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Since 1944, exactly one Democratic U.S. president has been re-elected to a second White House term. So when the one man who has accomplished that feat — Bill Clinton — says of the incumbent president, Barack Obama, “I’ll be surprised if he’s not re-elected,” you know he’s speaking as somebody who personally knows more than a little about the subject.

Despite continuing dismal reports and prospects on the nation’s economy, Obama does indeed look formidable for 2012. Even Republicans who passionately want to retire him have been unable yet to muster great enthusiasm for the field of GOP challengers. With no organized, intra-party opposition to his renomination (recall that the last three incumbent chief executives who were defeated — Gerald Ford, Jimmy Carter and George H.W. Bush — all faced primary challengers), Obama could be sitting on a nine-figure war chest by the time Republicans, having spent good will and many millions, eventually do pick a nominee.

But before Democrats begin celebrating, there is the problem of the campaign and the voters, who are notoriously unpredictable. This time, Barack Obama will not be the new, exciting challenger, but rather the familiar incumbent with some political scar tissue.

Historically, there are just two basic routes for any incumbent seeking re-election, whether for county auditor or president. The first is what we call the High Road, where the candidate for re-election proclaims the real improvements his policies and actions have made in citizens’ lives. The second is the Low Road, when there are no such successes to herald so the incumbent instead spends his time and money alleging the political, professional and personal defects of his opponent. This is a variation of the “I admit I may be no day at the beach, but the Other Guy would steal a hot stove and go back for the smoke.”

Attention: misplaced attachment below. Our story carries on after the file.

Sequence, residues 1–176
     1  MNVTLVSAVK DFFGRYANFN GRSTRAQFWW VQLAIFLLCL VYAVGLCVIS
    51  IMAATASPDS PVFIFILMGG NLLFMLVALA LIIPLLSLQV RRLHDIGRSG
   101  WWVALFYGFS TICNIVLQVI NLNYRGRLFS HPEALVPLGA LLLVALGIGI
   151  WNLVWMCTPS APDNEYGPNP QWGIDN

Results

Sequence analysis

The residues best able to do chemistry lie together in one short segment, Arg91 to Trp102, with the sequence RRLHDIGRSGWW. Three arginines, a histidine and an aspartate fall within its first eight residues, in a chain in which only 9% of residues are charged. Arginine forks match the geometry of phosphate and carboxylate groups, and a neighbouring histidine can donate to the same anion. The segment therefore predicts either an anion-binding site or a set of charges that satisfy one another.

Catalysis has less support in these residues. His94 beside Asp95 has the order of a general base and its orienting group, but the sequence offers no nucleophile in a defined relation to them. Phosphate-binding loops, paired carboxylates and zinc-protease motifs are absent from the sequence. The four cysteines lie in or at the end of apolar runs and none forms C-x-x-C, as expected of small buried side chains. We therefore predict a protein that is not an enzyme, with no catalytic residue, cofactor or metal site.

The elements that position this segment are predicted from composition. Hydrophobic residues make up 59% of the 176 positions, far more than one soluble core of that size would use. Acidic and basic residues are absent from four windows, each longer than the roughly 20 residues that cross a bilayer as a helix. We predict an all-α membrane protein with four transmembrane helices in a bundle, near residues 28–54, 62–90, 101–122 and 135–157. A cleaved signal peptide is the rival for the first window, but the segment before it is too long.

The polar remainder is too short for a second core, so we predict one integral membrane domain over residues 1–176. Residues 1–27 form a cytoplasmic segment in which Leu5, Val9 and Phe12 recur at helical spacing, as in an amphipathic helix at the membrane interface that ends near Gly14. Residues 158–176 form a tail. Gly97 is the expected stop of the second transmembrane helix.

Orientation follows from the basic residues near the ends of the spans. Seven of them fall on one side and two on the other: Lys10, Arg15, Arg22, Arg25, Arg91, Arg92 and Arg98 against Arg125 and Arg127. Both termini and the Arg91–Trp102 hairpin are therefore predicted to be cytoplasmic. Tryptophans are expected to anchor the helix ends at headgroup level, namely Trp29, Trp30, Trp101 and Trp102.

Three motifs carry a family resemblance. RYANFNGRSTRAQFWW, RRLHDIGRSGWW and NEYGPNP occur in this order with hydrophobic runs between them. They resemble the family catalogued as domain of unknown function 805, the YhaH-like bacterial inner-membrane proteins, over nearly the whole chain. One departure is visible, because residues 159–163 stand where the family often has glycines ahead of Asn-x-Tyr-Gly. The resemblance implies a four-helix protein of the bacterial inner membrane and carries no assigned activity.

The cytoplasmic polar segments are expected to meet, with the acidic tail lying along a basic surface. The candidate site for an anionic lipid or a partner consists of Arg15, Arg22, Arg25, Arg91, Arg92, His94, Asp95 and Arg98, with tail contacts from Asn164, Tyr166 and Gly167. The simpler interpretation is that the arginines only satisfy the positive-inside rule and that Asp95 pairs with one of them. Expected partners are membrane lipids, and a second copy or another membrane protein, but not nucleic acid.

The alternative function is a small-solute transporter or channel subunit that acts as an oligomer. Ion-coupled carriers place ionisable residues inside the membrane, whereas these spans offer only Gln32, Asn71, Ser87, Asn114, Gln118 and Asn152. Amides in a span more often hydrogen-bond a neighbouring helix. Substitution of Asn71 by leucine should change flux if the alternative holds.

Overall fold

Here is where history tells us that Obama’s re-election campaign will not be any walk in the park. The Gallup Poll has been regularly asking the same question — “in general, are you satisfied or dissatisfied with the way things are going in the United States at this time?” — for more than 33 years.

When the percentage of Americans who were dissatisfied with the way things were going has climbed over 70 percent, it has indicated that the presidential nominee of the party controlling the White House would lose.

In 1992, when Clinton defeated George H.W. Bush, 73 percent of voters before the election were dissatisfied. The last time Gallup asked that question before Ronald Reagan ousted Carter, 78 percent of voters did not like the way things were going in the U.S. In 2008 — well before the financial crisis that would seal the outcome — 80 percent of voters were dissatisfied.

By contrast, voters do not need to be thrilled with the way things are going to vote to retain a president. Both George W. Bush and Clinton won second terms when just over 40 percent of voters were satisfied with the direction of the U.S., and the national mood was just slightly more positive when Ronald Reagan won his 1984 re-election landslide.

Here is the problem for Obama. In seven national surveys this year, Gallup has asked the way things are going question. The results have been consistently negative — an average of 21 percent are satisfied and just over 76 percent dissatisfied. Those are numbers that tell us voters want change and not continuity in their leadership.

What it guarantees, absent some dramatic improvement in the national mood, is that you can expect a 2012 campaign that’s short on inspiration and long on invective, that accentuates the negatives of the opposition.



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